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Net::SMTP problem

 
 
Bob
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      06-17-2004
I'm getting a "450 <b2.ca>: User unknown" in the postfix log file.
I don't know where the 'b2.ca' came from it should be 'b2' or
'(E-Mail Removed)'.


$smtp->mail( "(E-Mail Removed)" );
$smtp->recipient( "(E-Mail Removed)" );
$msg_contents = "t";

if (! $smtp->data( $msg_contents )) {
print "Unable to send message " . $current . "\n";
}

Does anybody know why it is failing and is there any way to see exactly
what is being sent to the mail server?



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Paul Lalli
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      06-17-2004
On Thu, 17 Jun 2004, Bob wrote:

> I'm getting a "450 <b2.ca>: User unknown" in the postfix log file.
> I don't know where the 'b2.ca' came from it should be 'b2' or
> '(E-Mail Removed)'.
>
>
> $smtp->mail( "(E-Mail Removed)" );
> $smtp->recipient( "(E-Mail Removed)" );
> $msg_contents = "t";
>
> if (! $smtp->data( $msg_contents )) {
> print "Unable to send message " . $current . "\n";
> }
>
> Does anybody know why it is failing and is there any way to see exactly
> what is being sent to the mail server?



Run your script with warnings enabled, and Perl will tell you exactly
what's wrong with the first two lines of this code.

(obligatory mini-rant follows)

It's not nice to ask thousands of people to do the work of a machine.
Your code should always have warnings enabled before being posted for all
the world to see and critique. Please read the posting guidelines that
are posted to this group regularly.


Paul Lalli
 
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Bob
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      06-17-2004
>>Does anybody know why it is failing and is there any way to see exactly
>>what is being sent to the mail server?

>
>
>
> Run your script with warnings enabled, and Perl will tell you exactly
> what's wrong with the first two lines of this code.


Ok, I turned on warnings:
$smtp->mail( "b\@my.domain" );
$smtp->recipient( "b2\@my.domain" );
$msg_contents = "t";

Now it is a postfix question:
reject: RCPT from unknown[192.168.1.100]

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Andre Wisniewski
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      06-17-2004
>>
>> $smtp->mail( "(E-Mail Removed)" );
>> $smtp->recipient( "(E-Mail Removed)" );
>> $msg_contents = "t";
>>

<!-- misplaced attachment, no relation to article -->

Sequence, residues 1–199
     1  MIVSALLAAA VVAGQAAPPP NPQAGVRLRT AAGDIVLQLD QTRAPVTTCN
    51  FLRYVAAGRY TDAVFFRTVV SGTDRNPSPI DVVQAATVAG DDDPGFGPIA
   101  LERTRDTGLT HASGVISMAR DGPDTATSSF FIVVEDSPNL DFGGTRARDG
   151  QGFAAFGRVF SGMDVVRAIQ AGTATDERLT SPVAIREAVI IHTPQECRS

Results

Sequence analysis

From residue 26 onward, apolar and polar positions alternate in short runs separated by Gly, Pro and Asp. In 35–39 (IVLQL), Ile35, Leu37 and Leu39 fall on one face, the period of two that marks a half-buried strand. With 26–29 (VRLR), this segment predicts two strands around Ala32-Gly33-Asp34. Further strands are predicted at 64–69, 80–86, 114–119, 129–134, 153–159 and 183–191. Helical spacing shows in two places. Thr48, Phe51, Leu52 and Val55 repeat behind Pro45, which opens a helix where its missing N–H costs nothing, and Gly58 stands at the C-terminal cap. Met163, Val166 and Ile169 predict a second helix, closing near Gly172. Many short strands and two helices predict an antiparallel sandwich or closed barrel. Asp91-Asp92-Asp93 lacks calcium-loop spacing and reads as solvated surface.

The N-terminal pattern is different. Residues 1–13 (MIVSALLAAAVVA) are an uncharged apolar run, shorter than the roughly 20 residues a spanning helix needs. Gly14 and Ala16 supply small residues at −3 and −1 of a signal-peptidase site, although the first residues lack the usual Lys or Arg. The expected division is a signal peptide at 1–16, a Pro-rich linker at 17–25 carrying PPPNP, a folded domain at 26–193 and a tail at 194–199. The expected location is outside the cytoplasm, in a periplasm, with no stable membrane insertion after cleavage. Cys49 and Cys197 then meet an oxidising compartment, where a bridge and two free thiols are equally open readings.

>> if (! $smtp->data( $msg_contents )) {
>> print "Unable to send message " . $current . "\n";
>> }
>>


> Run your script with warnings enabled, and Perl will tell you exactly
> what's wrong with the first two lines of this code.
>
>
> It's not nice to ask thousands of people to do the work of a machine.
> Your code should always have warnings enabled before being posted for all
> the world to see and critique. Please read the posting guidelines that
> are posted to this group regularly.
>


Of course, Paul is right but try it with ... b\@my. ...

Read, learn and use.

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Andre

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Andre Wisniewski
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      06-17-2004
>
> Now it is a postfix question:
> reject: RCPT from unknown[192.168.1.100]
>


Do not post such questions here!

--
Andre

---

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Paul Lalli
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      06-17-2004
On Thu, 17 Jun 2004, Bob wrote:

> >>Does anybody know why it is failing and is there any way to see exactly
> >>what is being sent to the mail server?

> >
> >
> >
> > Run your script with warnings enabled, and Perl will tell you exactly
> > what's wrong with the first two lines of this code.

>
> Ok, I turned on warnings:
> $smtp->mail( "b\@my.domain" );
> $smtp->recipient( "b2\@my.domain" );
> $msg_contents = "t";
>
> Now it is a postfix question:
> reject: RCPT from unknown[192.168.1.100]



I'll give you the benefit of the doubt for now and assume that you're not
trying to attack other mail servers or do otherwise illegal and/or immoral
things...

I *believe* this message is generated when the mail server disallows a
machine from emailing via that server. In other words, you can generally
only contact your own SMTP server to send mail. (If your ISP is
nycap.rr.com, for example, you should only be trying to use
smtp.nycap.rr.com). Most mail servers will prevent users not on their own
network from using their mail servers.

I could be completely wrong in my diagnosis, however. Perhaps you should
try posting an actual complete program, with real values, as suggested by
those same posting guidelines I previously suggested you read.

If I'm not wrong, then this is really not a Perl topic any longer, and
should be moved to a more appropriate newsgroup (ie, one that deals with
SMTP instead of a particular programming language).

Paul Lalli
 
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